The `fcfdr`

R package implements the cFDR framework and is applicable for a wide variety of auxiliary covariates. This is in contrast to earlier empirical cFDR methods (Liley and Wallace 2021; https://github.com/jamesliley/cfdr) that only support auxiliary \(p\)-values from related traits. A direct utility of `fcfdr`

is to leverage relevant functional genomic data with GWAS \(p\)-values to increase power for GWAS discovery. The method generates “\(v\)-values” which can be interpreted as GWAS \(p\)-values that have been re-weighted according to the auxiliary data values. Since the \(v\)-values are analogous to \(p\)-values, they can be used directly in any error-rate controlling procedure.

The `fcfdr`

R package contains two key functions:

`flexible_cfdr`

: Implements cFDR leveraging \(\textbf{continuous}\) auxiliary covariates.`binary_cfdr`

: Implements cFDR leveraging \(\textbf{binary}\) auxiliary covariates.

Both functions require two parameters to be specified:

`p`

: GWAS \(p\)-values for the trait of interest (vector of per-SNP \(p\)-values)`q`

: Auxiliary data values (vector of per-SNP auxiliary data values).

The `flexible_cfdr`

function also requires the indices of an independent subset of SNPs (`indep_index`

parameter; see LDAK vignette) whilst the `binary_cfdr`

function requires group indices for each SNP (`group`

parameter; typically the chromosome or LD block index for each SNP).

For further details, including instructions to generate `indep_index`

, examples of auxiliary data to leverage and instructions to apply cFDR iteratively, please see the Extra Information vignette.

Firstly, load the Flexible cFDR R package:

`library(fcfdr)`

Next, simulate \(p\)-values for 50,000 genetic variants, including 500 associated variants.

```
set.seed(1)
= 50000
n = 500 # associated variants
n1p = c(rnorm(n1p, sd=5), rnorm(n-n1p, sd=1)) # z-scores
zp = 2*pnorm(-abs(zp)) # convert to p-values
p hist(p)
```

We simulate relevant auxiliary data from a mixture normal distribution (\(q\)). The associated SNPs (with indices 1-500) are sampled from \(N(-0.5, 0.5^2)\) and the non-associated SNPs (with indices 500-50000) are sampled from \(N(2,1)\).

```
<- function(x) rnorm(x, mean = -0.5, sd = 0.5)
mixture_comp1 <- function(x) rnorm(x, mean = 2, sd = 1)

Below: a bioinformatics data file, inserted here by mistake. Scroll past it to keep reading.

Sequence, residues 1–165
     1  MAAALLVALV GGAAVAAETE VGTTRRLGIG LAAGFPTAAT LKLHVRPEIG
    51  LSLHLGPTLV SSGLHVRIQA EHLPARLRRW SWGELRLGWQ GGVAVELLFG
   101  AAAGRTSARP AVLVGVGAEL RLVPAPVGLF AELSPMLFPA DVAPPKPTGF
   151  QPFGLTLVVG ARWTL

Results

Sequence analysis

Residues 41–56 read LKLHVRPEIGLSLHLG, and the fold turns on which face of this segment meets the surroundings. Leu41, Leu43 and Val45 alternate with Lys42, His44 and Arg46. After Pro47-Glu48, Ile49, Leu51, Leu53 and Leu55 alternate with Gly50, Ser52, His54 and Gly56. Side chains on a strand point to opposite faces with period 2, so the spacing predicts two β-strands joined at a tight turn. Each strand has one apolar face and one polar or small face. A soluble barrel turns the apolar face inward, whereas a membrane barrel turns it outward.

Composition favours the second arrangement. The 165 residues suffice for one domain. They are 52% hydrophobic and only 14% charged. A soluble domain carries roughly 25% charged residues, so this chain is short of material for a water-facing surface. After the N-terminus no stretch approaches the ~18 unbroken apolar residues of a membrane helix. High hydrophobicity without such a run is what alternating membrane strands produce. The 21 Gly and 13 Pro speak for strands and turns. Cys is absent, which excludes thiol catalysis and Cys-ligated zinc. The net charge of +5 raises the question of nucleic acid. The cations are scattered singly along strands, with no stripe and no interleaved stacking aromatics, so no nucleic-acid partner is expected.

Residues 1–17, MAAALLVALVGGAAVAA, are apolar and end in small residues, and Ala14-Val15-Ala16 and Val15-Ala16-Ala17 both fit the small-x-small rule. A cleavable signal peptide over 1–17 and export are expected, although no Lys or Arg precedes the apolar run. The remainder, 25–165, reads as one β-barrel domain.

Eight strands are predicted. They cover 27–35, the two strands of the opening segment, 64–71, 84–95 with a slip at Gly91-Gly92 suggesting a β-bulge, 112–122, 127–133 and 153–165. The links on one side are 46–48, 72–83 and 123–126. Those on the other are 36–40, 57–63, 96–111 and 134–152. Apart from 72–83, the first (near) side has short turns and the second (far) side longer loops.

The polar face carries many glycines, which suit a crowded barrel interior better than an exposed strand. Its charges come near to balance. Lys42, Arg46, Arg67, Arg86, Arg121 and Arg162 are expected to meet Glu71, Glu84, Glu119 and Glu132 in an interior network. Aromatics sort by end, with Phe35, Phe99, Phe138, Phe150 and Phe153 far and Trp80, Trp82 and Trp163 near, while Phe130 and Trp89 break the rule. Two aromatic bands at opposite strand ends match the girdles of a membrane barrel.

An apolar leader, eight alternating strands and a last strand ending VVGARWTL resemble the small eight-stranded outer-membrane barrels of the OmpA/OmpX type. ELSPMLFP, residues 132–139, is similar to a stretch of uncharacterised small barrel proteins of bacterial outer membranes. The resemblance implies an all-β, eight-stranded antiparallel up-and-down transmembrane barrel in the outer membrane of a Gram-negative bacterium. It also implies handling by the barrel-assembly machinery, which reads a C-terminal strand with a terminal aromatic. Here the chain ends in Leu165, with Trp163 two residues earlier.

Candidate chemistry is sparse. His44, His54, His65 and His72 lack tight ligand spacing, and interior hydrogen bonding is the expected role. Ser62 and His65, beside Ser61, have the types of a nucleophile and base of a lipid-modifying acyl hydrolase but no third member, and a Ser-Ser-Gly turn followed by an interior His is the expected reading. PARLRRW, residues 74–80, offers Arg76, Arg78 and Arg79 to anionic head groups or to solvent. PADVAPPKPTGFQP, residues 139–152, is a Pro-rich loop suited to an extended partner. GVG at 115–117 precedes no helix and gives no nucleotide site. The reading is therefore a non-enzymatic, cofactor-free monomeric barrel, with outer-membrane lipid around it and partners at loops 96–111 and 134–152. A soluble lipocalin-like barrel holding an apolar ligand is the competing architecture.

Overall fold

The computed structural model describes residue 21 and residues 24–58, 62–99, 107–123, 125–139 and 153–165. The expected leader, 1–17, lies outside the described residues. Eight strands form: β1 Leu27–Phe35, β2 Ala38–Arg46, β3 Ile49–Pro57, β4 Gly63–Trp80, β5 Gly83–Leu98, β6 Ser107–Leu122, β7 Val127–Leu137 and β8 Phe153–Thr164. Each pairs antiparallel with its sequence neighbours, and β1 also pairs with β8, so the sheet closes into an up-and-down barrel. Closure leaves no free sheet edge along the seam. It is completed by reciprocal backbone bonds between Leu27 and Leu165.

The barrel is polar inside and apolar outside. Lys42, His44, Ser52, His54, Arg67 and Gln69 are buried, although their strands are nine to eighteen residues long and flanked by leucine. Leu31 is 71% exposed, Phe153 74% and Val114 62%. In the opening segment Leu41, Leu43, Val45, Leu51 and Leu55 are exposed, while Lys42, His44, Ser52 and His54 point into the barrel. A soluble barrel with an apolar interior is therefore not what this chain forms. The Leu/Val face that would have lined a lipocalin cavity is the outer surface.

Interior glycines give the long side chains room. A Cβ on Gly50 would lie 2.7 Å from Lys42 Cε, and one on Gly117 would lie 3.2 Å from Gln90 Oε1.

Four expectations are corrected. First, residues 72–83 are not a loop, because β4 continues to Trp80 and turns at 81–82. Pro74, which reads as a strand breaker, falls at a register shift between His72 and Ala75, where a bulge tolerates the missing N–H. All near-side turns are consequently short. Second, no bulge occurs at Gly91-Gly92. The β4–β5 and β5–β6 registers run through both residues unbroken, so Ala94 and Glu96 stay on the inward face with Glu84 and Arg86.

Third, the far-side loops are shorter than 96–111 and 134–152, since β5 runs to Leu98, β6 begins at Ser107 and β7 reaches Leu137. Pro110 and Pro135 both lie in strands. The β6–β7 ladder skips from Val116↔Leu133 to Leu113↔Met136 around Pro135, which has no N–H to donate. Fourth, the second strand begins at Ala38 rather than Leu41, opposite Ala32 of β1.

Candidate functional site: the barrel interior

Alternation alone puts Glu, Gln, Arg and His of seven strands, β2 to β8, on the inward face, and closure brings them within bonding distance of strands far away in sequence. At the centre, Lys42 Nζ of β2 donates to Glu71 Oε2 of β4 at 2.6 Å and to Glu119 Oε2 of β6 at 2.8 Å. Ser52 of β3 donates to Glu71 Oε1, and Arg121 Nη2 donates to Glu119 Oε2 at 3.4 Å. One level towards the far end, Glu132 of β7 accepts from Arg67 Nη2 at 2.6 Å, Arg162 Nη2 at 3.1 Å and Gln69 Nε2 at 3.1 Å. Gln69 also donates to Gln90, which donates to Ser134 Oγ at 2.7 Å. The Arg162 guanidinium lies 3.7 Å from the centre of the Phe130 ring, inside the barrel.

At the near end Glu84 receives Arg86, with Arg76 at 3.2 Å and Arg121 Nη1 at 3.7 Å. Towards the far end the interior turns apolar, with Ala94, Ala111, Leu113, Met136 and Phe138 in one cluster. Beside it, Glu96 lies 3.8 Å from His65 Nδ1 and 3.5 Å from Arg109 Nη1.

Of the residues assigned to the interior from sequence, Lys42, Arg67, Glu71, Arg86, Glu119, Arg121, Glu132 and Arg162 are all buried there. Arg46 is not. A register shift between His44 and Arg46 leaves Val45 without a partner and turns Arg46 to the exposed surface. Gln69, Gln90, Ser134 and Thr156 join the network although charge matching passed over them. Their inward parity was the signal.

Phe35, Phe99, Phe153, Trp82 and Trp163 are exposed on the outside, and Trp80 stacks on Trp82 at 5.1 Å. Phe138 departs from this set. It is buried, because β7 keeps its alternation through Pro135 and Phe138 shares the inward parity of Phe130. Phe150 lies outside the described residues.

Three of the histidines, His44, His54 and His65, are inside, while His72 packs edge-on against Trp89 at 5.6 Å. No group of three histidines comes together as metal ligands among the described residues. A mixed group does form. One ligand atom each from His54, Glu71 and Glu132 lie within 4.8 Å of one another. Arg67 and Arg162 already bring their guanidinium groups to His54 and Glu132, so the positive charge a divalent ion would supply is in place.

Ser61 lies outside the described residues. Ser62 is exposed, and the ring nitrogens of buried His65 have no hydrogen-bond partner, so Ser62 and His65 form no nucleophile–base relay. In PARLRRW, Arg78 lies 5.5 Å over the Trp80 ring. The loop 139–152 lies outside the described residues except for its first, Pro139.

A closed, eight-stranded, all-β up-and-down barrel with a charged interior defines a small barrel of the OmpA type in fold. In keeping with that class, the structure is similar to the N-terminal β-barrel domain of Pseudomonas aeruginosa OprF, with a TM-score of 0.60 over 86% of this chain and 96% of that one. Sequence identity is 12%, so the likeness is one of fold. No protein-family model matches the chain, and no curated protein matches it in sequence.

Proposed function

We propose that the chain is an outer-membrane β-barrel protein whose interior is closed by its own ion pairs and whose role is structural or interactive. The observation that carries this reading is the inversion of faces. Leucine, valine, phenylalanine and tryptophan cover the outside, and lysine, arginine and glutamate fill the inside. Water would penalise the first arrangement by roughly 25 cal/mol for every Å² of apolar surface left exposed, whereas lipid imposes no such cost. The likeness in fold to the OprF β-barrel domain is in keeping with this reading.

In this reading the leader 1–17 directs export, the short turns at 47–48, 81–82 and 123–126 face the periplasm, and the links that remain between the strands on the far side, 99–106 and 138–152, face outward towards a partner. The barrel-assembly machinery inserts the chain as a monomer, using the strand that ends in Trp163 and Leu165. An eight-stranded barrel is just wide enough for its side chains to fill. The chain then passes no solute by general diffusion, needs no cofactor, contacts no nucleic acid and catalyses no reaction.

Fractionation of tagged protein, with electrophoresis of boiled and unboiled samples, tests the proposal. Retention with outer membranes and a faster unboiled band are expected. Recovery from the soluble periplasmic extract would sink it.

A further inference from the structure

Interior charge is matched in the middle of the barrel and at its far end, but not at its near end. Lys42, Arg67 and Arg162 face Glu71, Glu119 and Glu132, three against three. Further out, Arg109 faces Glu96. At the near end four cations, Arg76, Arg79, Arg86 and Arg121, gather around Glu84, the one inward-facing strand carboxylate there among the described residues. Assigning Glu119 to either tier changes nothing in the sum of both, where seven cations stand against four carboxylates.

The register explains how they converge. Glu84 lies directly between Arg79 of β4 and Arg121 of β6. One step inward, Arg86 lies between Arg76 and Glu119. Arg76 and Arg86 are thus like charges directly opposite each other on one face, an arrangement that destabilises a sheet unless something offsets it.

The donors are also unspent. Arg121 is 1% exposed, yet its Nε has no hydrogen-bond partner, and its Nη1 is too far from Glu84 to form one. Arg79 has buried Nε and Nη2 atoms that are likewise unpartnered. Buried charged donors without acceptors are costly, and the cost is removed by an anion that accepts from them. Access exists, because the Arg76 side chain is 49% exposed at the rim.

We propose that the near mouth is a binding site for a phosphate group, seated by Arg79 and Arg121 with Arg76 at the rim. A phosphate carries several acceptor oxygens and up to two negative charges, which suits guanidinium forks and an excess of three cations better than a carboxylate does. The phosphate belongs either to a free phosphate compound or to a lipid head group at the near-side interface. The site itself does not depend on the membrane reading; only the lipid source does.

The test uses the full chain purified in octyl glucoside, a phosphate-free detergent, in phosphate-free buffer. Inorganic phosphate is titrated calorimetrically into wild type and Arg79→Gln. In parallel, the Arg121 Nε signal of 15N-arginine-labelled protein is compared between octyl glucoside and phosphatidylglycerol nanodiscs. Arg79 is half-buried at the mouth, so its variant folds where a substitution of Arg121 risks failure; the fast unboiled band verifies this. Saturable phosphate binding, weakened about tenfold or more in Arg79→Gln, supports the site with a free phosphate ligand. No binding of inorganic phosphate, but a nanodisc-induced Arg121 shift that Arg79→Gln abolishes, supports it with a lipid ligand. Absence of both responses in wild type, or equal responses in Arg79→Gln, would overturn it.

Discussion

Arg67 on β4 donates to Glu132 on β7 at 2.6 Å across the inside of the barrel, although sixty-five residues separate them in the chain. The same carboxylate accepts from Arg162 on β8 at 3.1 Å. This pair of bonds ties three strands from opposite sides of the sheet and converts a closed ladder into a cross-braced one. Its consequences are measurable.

mixture_comp2 = length(p)
n = runif(n)
z
<- c(mixture_comp1(n1p), mixture_comp2(n-n1p))
q hist(q)
```

We can use the `corr_plot`

function to visualise the relationship between \(p\) and \(q\). We observe that low \(p\)-values (i.e. high \(-log10(p)\)) are enriched for low \(q\) values.

`corr_plot(p, q)`

This is also clear from the stratified QQ plot.

`stratified_qqplot(data_frame = data.frame(p, q), prin_value_label = "p", cond_value_label = "q", thresholds = quantile(q)[-1])`

We are now ready to use the `flexible_cfdr`

function to derive the \(v\)-values. Note that for the purpose of the vignette, we do not specify an independent subset of SNPs, however for real analyses this parameter should be specified appropriately to avoid biased bandwidth estimations when fitting the KDE. Subsets of independent SNPs can be readily found using PLINK or LDAK - see the vignette for deriving LDAK weights here.

By default, `flexible_cfdr`

prints some useful plots so that users can evaluate the accuracy of the KDE that is estimated in the method.

(This line of code will take approximately 4 minutes to run.)

`<- flexible_cfdr(p, q, indep_index = seq(1, n, 1)) res `

The output from the function is a list of length two. The first element is a data.frame containing the \(p\)-values (input parameter `p`

), the auxiliary data values (input parameter `q`

) and the generated \(v\)-values. The second element contains auxiliary data, such as how many data-points were left-censored in the method and/or spline corrected. In this example, we can see that a value of \(q=-0.169\) was used for left censoring (any auxiliary data values smaller than this were set to this value) which results in 1108/50000 (2% of) data points being left censored. We also see that 109 (0.2% of) data points were spline corrected.

```
str(res)
= res[[1]]$p
p = res[[1]]$q
q = res[[1]]$v v
```

**Note that the cFDR framework requires that low \(p\)-values are enriched for low \(q\) values, so that if the correlation between \(p\) and \(q\) is negative then the function intrinsically flips the sign of \(q\), meaning that the \(q\) values reported in the data.frame output may be \(q:=-q\).**

We can then visualise the results using the `pv_plot`

and `log10pv_plot`

functions.

We observe that \(v\)-values for SNPs with high \(q\) values are increased, whilst those for SNPs with low \(q\) values are decreased.

```
pv_plot(p = p, q = q, v = v)
log10pv_plot(p = p, q = q, v = v,
axis_lim = c(0, 10)) # zoom in to interesting region
```

Finally, we run the Benjamini-Hochberg procedure on the \(v\)-values and control the FDR at 0.05. This means that we are willing to accept up to 5% of the associations to be false positives.

`= which(p.adjust(v, method = "BH") <= 0.05) hit `

For comparison, we do the same to the raw p-values:

`= which(p.adjust(p, method = "BH") <= 0.05) hit_p `

‘True’ associations are those with indices 1-500, so the proportions of false discoveries are

```
# cFDR
1 - (length(intersect(hit,c(1:500)))/length(hit))
# p-value
1 - (length(intersect(hit_p,c(1:500)))/length(hit_p))
```

Altogether, the cFDR method has found 47 new associations that are true whilst controlling the FDR.

```
# number of extra true associations identified by flexible cFDR
length(which(hit[!hit %in% hit_p] <= 500))
```